'Game of Thrones' author George R.R. Martin reads excerpt of upcoming book

At a Toronto event, George R.R. Martin read an exceprt from his upcoming book 'The Winds of Winter.'

TIFF/YouTube screenshot
'Game of Thrones' author George R.R. Martin has refrained from setting a publication date for 'The Winds of Winter,' but fans hope that 'Winds' will be completed more rapidly than was 'A Dance with Dragons,' which was released six years after its predecessor.

As part of the “Game of Thrones: The Exhibition” event in Toronto, “Song of Ice and Fire” author George R.R. Martin read a new excerpt of the next book in his series – Book No. 6 – which will be titled “The Winds of Winter.” 

Martin discussed his planned septology on March 12 in an interview with interviewer Teri Hart, who works for The Movie Network, a Canadian TV channel. The portion of the interview in which the author read an excerpt from his upcoming book for more than eight minutes was apparently a surprise to the audience.

“They don’t know?” Martin asked when Hart announced it. 

Martin warned the audience to leave if they hadn’t read each previous book, including “A Dance with Dragons,” the fifth book in the series which was published this July. There is currently no official planned publication date for "Winds."

The excerpt was told from the point of view of Victarion Greyjoy, who is the brother of Balon Greyjoy, the ruler of the Iron Islands, an area of the kingdom of Westeros. Residents of the Iron Islands are famed for their ships, and Victarion commands the mighty Iron Fleet, holding the title of Lord Captain. Victarion is the uncle of Theon Greyjoy, one of the main characters in the series who was raised by Eddard Stark, though technically a hostage of the Starks. Theon was turned over to Eddard Stark as punishment for Balon’s failed rebellion.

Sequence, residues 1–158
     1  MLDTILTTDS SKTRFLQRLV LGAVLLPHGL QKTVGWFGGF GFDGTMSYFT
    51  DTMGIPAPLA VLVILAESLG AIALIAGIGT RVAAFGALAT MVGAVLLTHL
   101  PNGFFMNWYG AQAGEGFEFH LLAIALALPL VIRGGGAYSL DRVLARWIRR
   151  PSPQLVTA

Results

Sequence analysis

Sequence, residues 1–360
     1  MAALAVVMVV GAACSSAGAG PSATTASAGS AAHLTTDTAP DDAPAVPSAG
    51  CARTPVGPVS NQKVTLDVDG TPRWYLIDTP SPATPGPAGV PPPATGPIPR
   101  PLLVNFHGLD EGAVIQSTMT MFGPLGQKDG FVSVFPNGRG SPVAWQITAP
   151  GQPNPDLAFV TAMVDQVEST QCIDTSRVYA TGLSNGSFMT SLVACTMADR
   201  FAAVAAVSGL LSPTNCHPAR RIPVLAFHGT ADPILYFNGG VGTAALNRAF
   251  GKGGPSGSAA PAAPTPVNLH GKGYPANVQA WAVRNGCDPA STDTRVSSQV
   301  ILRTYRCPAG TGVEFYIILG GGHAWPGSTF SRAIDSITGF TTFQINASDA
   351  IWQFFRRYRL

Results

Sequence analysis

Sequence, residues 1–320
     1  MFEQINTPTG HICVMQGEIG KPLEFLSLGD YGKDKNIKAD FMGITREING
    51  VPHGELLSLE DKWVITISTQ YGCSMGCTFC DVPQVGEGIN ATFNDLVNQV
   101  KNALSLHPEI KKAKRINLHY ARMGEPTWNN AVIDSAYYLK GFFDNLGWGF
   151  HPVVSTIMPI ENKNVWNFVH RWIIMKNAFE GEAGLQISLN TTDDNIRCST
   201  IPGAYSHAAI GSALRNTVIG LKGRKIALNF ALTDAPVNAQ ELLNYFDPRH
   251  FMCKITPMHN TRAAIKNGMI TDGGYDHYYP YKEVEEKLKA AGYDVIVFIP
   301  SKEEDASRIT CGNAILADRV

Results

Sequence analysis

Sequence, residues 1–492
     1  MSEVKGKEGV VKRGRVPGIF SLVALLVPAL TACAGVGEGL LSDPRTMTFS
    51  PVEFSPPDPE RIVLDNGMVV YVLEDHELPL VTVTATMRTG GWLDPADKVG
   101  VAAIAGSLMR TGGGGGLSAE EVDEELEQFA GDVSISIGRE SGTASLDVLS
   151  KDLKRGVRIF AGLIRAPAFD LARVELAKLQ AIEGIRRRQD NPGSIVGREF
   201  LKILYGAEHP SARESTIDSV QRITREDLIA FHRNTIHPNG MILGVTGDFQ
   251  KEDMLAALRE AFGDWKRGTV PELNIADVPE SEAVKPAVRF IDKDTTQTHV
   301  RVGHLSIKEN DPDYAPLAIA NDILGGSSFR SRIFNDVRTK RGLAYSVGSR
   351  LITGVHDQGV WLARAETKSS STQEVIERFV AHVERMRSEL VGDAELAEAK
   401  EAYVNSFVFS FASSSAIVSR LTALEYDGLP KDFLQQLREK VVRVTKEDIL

(Spoilers follow for “The Winds of Winter.”)

In the excerpt, which Martin said begins around “five minutes” after the end of “Dance,” Victarion tells three oarsmen from the Iron Fleet that they have been chosen to blow the hellhorn, which is said to have the power to control dragons. According to Victarion, the last man to blow the hellhorn died.

“Game of Thrones: The Exhibition” was held from March 9 to 18 and was presented by HBO Canada and the Toronto International Film Festival. Various items from the hit HBO series were available for viewing, including costumes from the show and props, including the Iron Throne, the chair that is the symbol of power for the king of the fictional country of Westeros. 

Check out the video below – Martin begins reading at the 30:49 mark.

Molly Driscoll is a Monitor contributor.

You've read  of  free articles. Subscribe to continue.

Dear Reader,

About a year ago, I happened upon this statement about the Monitor in the Harvard Business Review – under the charming heading of “do things that don’t interest you”:

“Many things that end up” being meaningful, writes social scientist Joseph Grenny, “have come from conference workshops, articles, or online videos that began as a chore and ended with an insight. My work in Kenya, for example, was heavily influenced by a Christian Science Monitor article I had forced myself to read 10 years earlier. Sometimes, we call things ‘boring’ simply because they lie outside the box we are currently in.”

If you were to come up with a punchline to a joke about the Monitor, that would probably be it. We’re seen as being global, fair, insightful, and perhaps a bit too earnest. We’re the bran muffin of journalism.

But you know what? We change lives. And I’m going to argue that we change lives precisely because we force open that too-small box that most human beings think they live in.

The Monitor is a peculiar little publication that’s hard for the world to figure out. We’re run by a church, but we’re not only for church members and we’re not about converting people. We’re known as being fair even as the world becomes as polarized as at any time since the newspaper’s founding in 1908.

We have a mission beyond circulation, we want to bridge divides. We’re about kicking down the door of thought everywhere and saying, “You are bigger and more capable than you realize. And we can prove it.”

If you’re looking for bran muffin journalism, you can subscribe to the Monitor for $15. You’ll get the Monitor Weekly magazine, the Monitor Daily email, and unlimited access to CSMonitor.com.